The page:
Trends in Developing-Country Trade, 1980–99
The period covered in this study, 1980–1999, witnessed a rapid expansion of world trade and a slightly more rapid expansion of developing-country trade. The share of developing-country trade in total world merchandise trade (exports plus imports) was somewhat higher at the end of the period than at the beginning – 28.8 per cent as opposed to 27.4 per cent (Tables 2.1 and 2.2). A similar picture emerged in trade in services. While the data on services are much less complete than for merchandise trade, there is little doubt about the overall trends: trade in services grew even faster than merchandise trade; and there was a rise in the share of developing-country exports.
At the same time, on average, GDP growth was much less than the growth in trade for developed and developing countries alike. Using the ratio of total trade to GDP as an indicator of integration into world trade, on average developing countries were more integrated at the end of the century than they had been 20 years earlier. This was the result of a long-term trend and an important dimension of the globalization process.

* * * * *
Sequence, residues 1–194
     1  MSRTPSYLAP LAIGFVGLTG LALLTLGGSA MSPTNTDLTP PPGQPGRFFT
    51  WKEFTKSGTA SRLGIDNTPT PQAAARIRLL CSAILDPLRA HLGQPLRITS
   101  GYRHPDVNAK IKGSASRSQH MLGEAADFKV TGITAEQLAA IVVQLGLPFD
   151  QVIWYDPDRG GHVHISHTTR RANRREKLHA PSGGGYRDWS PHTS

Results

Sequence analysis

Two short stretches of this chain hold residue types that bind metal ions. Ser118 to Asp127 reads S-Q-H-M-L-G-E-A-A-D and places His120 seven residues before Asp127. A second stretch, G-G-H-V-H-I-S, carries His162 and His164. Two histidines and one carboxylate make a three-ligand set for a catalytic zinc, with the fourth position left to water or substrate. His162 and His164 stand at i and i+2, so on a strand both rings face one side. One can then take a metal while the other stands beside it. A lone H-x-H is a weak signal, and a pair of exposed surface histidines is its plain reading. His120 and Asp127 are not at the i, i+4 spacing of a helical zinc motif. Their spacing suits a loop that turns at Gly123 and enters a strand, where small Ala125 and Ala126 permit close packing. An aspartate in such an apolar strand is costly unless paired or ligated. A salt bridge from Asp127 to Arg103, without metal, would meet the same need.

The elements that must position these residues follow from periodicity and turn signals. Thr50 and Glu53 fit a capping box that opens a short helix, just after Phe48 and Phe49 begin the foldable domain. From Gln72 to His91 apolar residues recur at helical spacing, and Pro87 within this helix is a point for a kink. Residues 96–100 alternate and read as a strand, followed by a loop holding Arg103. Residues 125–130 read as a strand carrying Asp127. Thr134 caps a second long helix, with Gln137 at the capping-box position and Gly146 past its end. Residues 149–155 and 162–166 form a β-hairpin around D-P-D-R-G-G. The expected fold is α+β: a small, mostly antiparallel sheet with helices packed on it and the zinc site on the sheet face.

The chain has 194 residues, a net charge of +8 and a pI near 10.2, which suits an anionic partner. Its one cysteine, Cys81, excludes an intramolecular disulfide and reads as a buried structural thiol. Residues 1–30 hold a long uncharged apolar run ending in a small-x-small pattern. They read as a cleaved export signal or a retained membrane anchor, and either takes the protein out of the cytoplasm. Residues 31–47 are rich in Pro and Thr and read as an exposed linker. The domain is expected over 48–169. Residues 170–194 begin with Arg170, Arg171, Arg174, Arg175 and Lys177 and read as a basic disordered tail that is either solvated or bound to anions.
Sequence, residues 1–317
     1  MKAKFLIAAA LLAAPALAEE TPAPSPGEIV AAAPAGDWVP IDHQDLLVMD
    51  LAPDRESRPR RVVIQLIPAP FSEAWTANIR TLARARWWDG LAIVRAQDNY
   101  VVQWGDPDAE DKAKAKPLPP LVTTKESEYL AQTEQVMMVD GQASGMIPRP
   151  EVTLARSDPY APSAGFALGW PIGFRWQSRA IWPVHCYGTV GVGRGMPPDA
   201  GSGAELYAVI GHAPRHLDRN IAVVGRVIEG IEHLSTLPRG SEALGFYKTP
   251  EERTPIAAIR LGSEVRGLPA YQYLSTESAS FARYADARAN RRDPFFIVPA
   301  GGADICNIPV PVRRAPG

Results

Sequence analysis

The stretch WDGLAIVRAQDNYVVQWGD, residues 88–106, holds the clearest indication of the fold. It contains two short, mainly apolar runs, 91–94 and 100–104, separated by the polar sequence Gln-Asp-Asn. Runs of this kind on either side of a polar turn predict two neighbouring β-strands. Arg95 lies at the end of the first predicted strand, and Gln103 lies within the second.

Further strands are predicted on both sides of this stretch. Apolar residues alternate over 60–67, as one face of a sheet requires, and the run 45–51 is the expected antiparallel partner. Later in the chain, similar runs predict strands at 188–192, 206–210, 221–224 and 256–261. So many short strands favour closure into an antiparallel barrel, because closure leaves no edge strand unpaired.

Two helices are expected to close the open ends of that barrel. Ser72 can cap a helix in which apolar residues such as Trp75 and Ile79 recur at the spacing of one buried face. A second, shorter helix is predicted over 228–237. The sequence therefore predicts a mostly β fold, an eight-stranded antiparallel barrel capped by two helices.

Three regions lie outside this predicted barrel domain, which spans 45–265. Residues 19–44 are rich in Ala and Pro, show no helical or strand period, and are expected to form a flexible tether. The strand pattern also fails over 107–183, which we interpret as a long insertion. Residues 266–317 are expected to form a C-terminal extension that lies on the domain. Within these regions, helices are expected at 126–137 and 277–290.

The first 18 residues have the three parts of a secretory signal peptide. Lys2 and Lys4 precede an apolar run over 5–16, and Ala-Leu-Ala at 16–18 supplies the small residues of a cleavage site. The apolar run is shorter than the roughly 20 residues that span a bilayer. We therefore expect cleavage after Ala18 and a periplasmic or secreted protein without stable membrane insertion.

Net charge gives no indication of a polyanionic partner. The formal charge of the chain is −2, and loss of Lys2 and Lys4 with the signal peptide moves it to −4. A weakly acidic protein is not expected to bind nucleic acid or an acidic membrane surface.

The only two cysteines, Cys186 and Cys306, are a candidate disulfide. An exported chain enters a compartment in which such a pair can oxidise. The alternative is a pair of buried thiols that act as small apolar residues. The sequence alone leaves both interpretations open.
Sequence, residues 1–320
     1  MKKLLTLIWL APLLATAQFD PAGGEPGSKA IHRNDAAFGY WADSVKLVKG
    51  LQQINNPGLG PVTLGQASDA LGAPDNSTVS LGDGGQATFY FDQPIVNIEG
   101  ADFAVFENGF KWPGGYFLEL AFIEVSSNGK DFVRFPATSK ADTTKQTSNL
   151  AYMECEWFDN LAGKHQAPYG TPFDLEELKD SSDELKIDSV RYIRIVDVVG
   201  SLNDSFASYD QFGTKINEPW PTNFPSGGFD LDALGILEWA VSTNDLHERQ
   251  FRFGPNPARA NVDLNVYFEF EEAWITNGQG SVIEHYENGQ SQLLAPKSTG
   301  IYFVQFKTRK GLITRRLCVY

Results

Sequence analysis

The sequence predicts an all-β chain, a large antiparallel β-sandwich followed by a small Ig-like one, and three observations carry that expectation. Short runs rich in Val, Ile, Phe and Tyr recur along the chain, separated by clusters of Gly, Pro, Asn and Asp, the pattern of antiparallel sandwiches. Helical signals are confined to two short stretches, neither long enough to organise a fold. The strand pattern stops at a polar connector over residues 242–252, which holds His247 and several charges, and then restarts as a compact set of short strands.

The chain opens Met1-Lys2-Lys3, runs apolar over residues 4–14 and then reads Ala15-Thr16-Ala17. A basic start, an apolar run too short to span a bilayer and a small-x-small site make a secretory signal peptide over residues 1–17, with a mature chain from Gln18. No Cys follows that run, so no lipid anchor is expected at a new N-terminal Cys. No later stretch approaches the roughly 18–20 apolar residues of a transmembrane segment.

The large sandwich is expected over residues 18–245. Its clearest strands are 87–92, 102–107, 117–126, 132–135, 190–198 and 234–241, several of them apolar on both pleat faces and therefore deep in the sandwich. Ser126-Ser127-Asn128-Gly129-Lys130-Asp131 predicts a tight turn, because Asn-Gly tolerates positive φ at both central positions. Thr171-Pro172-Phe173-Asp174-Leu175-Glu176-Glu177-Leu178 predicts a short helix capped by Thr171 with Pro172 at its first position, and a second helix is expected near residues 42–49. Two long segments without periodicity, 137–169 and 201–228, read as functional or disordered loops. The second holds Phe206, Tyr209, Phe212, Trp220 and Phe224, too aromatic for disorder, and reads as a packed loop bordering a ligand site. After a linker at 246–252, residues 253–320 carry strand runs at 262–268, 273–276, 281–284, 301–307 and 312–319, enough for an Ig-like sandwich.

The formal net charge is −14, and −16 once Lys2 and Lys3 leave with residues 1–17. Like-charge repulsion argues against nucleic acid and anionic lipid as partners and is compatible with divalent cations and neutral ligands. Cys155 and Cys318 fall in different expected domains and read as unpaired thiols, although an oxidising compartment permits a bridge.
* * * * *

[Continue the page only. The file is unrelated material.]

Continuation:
These overall trends, however, disguise very different patterns during some of the subperiods and among different developing countries and groups. Broadly speaking, the data show that the 1980s were pretty much a ‘lost’ decade for many different developing countries and groups, but during the 1990s the trade of practically all major developing-country groupings grew faster than that of the developed countries, and in many cases it was very rapid indeed. The major exceptions were the LDCs and some low-income countries whose growth in the 1990s was less than world trade as a whole. As a consequence these countries, whose trade was already marginal in terms of the world totals, were marginalized even further.